She was no closer to the truth, yet she felt that one of those men in the film had to be her father, it stood to reason that if her mum had a teenage crush it would be with someone local, but who? She had never wondered about a father too much until she came to Combe Lyney. Getting to know more about her family did encourage speculation, but if Sam and Mavis could not tell her who her father was, how could she discover his identity from these flickering faded images? Resignedly she was now putting that question once more to the back of her mind.

Early in March the windows of the house had all been removed and a large gap had appeared in the roof. Men were pouring concrete into foundations adjacent to the front door and a huge delivery from the wholesalers was being craned off their lorry. Wrapped in protective corrugated cardboard and plastic, Abby knew that it could be nothing else but her bathroom. George Walker was there running around calling instructions, it appeared to be total chaos, but an order was found as the suite was placed gently on the ground, and other items of piping and drainage were also taken off the lorry. George noticed her, and once he was satisfied that no one was going to damage the fittings came over to see Abby. "You came at the right time, Miss Abby. We'll get the bathroom fittings in within the next three days; the bricky's will get the low walls in for the Veranda, they will be dressed rock, the same as the house, and all the windows will be in by next week."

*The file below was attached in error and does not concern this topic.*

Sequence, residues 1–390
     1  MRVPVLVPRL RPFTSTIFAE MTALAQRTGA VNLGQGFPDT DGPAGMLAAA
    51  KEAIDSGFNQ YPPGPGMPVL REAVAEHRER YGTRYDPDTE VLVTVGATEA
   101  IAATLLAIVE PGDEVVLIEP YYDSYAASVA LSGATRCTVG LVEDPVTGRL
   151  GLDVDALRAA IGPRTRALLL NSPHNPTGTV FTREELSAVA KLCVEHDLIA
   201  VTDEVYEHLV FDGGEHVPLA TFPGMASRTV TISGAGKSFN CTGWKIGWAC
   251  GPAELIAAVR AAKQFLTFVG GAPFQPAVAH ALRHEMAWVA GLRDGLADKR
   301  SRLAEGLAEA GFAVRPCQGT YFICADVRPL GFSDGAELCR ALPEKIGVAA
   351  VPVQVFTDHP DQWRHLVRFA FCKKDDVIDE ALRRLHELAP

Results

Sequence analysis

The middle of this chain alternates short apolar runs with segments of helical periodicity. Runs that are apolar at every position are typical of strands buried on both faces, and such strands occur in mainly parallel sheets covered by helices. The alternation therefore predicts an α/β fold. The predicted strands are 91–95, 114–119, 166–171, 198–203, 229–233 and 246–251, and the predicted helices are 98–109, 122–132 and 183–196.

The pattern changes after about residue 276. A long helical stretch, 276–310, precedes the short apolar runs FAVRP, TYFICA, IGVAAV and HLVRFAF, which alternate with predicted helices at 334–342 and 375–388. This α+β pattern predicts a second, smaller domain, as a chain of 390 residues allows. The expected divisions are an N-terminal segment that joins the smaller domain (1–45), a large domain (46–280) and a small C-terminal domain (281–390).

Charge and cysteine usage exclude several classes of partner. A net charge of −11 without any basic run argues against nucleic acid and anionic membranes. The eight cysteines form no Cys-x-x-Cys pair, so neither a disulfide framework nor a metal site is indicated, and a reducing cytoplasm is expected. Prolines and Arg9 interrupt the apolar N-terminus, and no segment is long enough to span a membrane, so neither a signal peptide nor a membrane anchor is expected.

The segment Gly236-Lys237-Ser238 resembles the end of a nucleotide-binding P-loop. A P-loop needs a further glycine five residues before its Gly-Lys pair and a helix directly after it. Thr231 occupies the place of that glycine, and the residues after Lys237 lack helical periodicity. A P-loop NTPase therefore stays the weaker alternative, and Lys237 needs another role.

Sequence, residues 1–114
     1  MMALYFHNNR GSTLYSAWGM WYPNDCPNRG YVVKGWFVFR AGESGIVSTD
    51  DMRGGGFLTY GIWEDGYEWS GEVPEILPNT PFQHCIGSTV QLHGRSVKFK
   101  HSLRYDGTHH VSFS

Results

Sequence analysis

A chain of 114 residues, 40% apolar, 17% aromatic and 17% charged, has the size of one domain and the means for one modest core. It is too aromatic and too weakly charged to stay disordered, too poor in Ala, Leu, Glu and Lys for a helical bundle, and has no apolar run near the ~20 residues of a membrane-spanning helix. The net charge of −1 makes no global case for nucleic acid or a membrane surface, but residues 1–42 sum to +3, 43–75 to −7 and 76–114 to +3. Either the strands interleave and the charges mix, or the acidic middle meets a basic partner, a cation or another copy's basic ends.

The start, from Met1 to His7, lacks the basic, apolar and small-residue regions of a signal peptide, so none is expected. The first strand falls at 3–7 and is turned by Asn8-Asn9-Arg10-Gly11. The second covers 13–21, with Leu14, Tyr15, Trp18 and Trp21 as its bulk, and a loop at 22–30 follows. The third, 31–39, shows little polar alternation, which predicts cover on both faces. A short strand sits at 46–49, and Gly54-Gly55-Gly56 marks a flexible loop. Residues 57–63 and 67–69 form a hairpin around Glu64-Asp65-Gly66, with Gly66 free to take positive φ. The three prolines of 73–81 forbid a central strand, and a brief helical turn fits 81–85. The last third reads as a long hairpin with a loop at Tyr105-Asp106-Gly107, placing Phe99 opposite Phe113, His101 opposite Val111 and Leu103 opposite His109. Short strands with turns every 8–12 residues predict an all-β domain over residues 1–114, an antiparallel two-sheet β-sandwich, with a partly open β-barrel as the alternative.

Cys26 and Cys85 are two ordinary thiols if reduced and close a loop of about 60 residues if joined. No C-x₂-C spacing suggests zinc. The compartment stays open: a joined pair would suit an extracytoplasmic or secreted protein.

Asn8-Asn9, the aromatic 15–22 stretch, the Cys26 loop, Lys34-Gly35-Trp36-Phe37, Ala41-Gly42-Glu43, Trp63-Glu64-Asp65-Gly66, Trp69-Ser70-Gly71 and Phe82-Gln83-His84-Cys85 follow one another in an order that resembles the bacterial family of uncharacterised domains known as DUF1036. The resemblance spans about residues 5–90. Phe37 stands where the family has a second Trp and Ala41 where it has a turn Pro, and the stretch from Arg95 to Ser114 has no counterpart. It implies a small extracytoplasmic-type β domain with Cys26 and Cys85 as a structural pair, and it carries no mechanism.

"That's excellent, Mr. Walker. When do you think it will be habitable?"

He hummed for a moment or two. "Give me three weeks. We need to get all the plumbing connected, the gas supply tank will come tomorrow, there are lots of little things to do, and I would want to test everything before handing over. Three weeks should do it. Now I wanted to see you to ask about tiling the Bathroom. Do you want it all tiled, or just the splash areas?"

Abby was not sure. "Can I go and look; I will get a better idea there." He agreed that would be better.

George led the way in; there was a board down to cross the foundations. With all the windows out, the place felt quite cold, but Mr. Walker and his workmen seemed not to notice. Abby was encouraged to see all the electrical points fitted, and the walls painted a soft buttery cream. She had to agree that it did make the place look lighter. She inspected the bathroom with Mr. Walker and decided that two walls would be tiled, the one behind the shower cabinet, and the one where the hand basin and Bidet would go. He showed Abby some floor tiles, which looked in keeping with the style and age of the house, but were non-slip. More expense thought Abby, but agreed that it should be right from the start, rather than wishing later that it should have been done.

She left with the good news that the station would be complete, subject to final inspection by Ms. Eaton within a week. Abby had made application for grants, and had not heard anything. She felt it was time to put pressure on Ms. Eaton, so asked George if he would let her know when Ms. Eaton would be inspecting.